Royal Treasures of the “Jolly” Kuba
Have a holly, jolly Kuba
It's the best time of the year
I don't know if there'll be snow
But have a cup of cheer ..
It took me a few years to assemble a fine collection of Kuba objects.
The Ethnographic & Tribal Art Auction (Royal Kuba Treasures) is ending on Saturday 23-Dec-2017 around 8 p.m. Belgium time.
(Use the autobid function if you can't be there at the end of the auction)
The catawiki auction costs are very low compared to other auction sites – only 9% of the hammer price.
Ethnographic & Tribal Art Auction (Royal Kuba Treasures)
To the auction :
The following lots have been put up for this auction:
– Lot 1: Kuba Bwoom Helmet , Democratic Republic of the Congo
A unusual object, with excellent shiny patina as a result of protracted use (on the outside as well as on the inside).
Estimated age: First quarter of the 20th century.
€2,500 – €3,500
– Lot 2: Fine KUBA Nobleman- D.R.C. .Congo
A very fine and old Bushoong Ndop-Early XXth century- Good Condition-Provenance Jan Kusters
A finelly carved Ndop figure of a high ranking Kuba nobleman.
H= 39 cm
L= 12 cm
D= 10 cm
Weight 1 kg 850 gr
€2,500 – €2,800 carving.
– Lot 3: Itumba Bashilele divination oracle , Democratic Republic of the Congo
Kuba artists of south-central DRC create friction oracles known as itombwa.
Regarded as infallible divinatory instruments, itombwa were used by the Ding, Kuba, Lele,
Luluwa and Wongo peoples to mediate between diviners and omniscient nature spirits in order to
determine the cause of illnesses and appropriate courses of treatment, as well as to expose dishonesty.
€1,100 – €1,200
– Lot 4: Miniature Kuba ring Cup – Morigi provenance.
€500 – €750
The reserve price is as small as the Cup: € 200
– Lot 5: A KUBA Tokula box with animal on top – D.R.C. .Congo
A finely carved Tokula Kuba box with a quite unusual little animal or insect carved on top and tokula powder remains
€550 – €600
– Lot 6: A Pair of Kuba Cups – Democratic Republic of the Congo
From a retired Belgian collector who had more than 70 Art objects mentioned in the Guy van Rijn Yale database of African art. ( name will be given to the buyer )
€400 – €600
Reserve price: € 250
– Lot 7: A male Kuba Dengese figure – Democratic Republic of the Congo
€1,750 – €2,500
– Lot 8: Animal mask -Pwoom Itok – KUBA – Congo (RDC)
Pwoom Itok mask from the collection of Jan van Camp, Antwerp, Belgium.
Horned Pwoom Itok mask – Eastern Kasai-Congo (DRC)
Size: 24cm; 40 cm on its custom metal base
Wood, feathers, raffia, copper nails in the eyes, remains of Tokula powder.
Very interesting Pwoom Itok, ..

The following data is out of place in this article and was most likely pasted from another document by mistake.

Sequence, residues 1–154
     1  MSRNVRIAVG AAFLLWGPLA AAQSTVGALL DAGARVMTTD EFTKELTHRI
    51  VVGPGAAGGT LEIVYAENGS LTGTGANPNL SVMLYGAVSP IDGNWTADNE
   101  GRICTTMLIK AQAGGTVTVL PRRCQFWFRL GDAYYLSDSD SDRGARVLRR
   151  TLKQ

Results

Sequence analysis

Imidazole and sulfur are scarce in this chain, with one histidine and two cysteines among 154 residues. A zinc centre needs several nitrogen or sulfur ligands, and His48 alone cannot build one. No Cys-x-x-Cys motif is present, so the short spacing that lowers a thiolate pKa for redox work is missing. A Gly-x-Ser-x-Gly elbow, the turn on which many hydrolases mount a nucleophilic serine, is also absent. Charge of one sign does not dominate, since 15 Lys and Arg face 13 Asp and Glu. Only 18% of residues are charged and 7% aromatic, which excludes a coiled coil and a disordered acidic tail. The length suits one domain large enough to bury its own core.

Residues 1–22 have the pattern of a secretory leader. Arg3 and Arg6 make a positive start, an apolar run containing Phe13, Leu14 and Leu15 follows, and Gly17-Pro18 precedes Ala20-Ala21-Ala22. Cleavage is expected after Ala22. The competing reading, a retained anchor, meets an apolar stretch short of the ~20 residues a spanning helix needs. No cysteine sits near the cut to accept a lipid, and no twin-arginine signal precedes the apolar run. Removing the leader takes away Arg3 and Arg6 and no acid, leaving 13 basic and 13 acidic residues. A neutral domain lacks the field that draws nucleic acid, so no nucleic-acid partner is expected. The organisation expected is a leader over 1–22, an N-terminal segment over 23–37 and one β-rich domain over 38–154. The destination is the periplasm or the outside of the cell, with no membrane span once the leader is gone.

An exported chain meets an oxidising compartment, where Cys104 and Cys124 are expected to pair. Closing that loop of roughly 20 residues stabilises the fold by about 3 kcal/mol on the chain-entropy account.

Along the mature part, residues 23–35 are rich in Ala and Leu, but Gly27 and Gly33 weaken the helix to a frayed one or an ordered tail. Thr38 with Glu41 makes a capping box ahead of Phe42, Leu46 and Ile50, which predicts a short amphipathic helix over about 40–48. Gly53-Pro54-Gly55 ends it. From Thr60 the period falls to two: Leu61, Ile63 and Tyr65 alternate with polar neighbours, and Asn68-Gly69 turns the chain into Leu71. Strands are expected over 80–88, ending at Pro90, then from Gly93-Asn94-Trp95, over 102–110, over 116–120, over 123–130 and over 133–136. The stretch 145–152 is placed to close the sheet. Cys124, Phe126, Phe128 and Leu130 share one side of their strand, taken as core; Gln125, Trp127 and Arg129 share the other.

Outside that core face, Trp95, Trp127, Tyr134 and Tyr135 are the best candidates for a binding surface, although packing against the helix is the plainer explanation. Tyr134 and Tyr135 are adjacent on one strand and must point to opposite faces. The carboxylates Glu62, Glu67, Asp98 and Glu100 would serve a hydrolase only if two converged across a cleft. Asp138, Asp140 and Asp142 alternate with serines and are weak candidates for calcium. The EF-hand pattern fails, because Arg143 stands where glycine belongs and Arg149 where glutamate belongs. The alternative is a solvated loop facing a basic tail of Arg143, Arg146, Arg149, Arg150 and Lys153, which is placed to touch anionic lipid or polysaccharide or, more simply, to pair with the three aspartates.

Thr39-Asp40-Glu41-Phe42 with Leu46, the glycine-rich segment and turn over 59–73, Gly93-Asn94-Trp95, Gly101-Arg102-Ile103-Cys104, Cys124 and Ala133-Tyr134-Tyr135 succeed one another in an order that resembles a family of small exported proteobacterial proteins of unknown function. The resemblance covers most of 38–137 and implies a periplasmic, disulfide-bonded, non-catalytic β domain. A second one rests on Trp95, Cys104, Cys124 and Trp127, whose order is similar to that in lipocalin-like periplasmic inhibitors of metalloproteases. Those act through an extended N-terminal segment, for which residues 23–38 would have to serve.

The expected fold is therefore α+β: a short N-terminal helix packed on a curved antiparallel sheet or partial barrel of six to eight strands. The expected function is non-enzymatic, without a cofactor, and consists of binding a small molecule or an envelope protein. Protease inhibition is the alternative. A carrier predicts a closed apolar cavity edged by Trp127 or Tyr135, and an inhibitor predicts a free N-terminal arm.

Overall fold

€800 – €1,200
Low price limit 400€.
– Lot 9: Black KUBA Lele mask – Congo (RDC)- Bob Germ collection
Representing the first Kuba's king wife. Such masks appear principally at the funerals of chiefs and elders
but are also used in annual performances that celebrate and teach the history of Lele origins and migrations.
€800 – €1,200
– Lot 10: Historic Kuba Head Anthropomorphic Cup
For centuries, among the Kuba, indications of personal status have been an important element in crafted objects.
Even ordinary utilitarian items such as drinking cups for palm wine may indicate wealth and status through elegant carvings and decorations.
€650 – €700
– Lot 11: An old Lapukpuk, Moshambwooy mask
The face is named pal, and is in leopard skin. In represents a old king that's why those masks are usually blind masks
€750 – €1,250
Reserve price: € 500
– Lot 12: Kuba Bwoom Helm mask with hand on the back , Provenance Maria Wyss
Wood, dark crusty patina. H= 34 cm D= 36 cm (64 cm with stand)
Crack and indigenous restoration on the side, hole on top.
Provenance: Maria Wyss, merchant expert and collector of African Art, who lived in Basel (Switzerland) in the 1960s and 1970s. She was well known in the collectors and museums community for her good taste and knowledge, and for mounting major public exhibitions of beautiful pieces.
She worked with many museums and major private collectors. Entered the Norden Collection from “Jo the Buck” a long time ago.
€3,000 – €5,000
– Lot 13: Kuba Laket Hat with feathers and beads , Democratic Republic of the Congo, finely woven.
A complete Kuba hat ( also named Laket) from a nobleman with feathers and beads on raffia , cowrie shells . Democratic Republic of the Congo.
Large 19 cm or 7.5 inch.
Provenance: Piet L. the tribalartfinder who collects since 1993
– Lot 14: Kuba head- D.R.C. Congo. Upper part box lid carved in shape of a face